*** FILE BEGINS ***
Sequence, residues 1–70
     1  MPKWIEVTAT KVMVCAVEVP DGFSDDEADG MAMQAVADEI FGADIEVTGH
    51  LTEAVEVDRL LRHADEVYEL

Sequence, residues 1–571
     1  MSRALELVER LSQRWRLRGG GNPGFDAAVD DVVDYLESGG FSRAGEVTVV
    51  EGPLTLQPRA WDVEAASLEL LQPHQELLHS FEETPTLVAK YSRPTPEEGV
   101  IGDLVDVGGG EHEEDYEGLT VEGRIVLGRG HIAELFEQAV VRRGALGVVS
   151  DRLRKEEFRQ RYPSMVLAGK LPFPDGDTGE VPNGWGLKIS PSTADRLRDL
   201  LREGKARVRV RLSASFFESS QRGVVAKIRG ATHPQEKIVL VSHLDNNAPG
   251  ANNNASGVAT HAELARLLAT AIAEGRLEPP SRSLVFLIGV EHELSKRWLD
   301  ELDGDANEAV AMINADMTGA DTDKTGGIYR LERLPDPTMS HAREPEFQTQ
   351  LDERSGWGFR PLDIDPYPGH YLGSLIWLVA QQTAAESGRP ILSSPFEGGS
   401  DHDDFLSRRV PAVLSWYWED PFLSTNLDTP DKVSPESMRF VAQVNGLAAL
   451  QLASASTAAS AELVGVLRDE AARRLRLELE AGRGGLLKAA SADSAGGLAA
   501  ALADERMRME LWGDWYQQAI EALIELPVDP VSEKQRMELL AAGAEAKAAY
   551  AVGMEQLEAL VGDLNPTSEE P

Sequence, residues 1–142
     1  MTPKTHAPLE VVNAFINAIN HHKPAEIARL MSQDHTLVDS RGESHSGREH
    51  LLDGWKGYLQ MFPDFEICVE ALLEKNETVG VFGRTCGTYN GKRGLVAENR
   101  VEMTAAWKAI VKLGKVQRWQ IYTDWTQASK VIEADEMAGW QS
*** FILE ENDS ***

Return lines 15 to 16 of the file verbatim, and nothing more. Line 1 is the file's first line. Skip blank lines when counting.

   501  ALADERMRME LWGDWYQQAI EALIELPVDP VSEKQRMELL AAGAEAKAAY
   551  AVGMEQLEAL VGDLNPTSEE P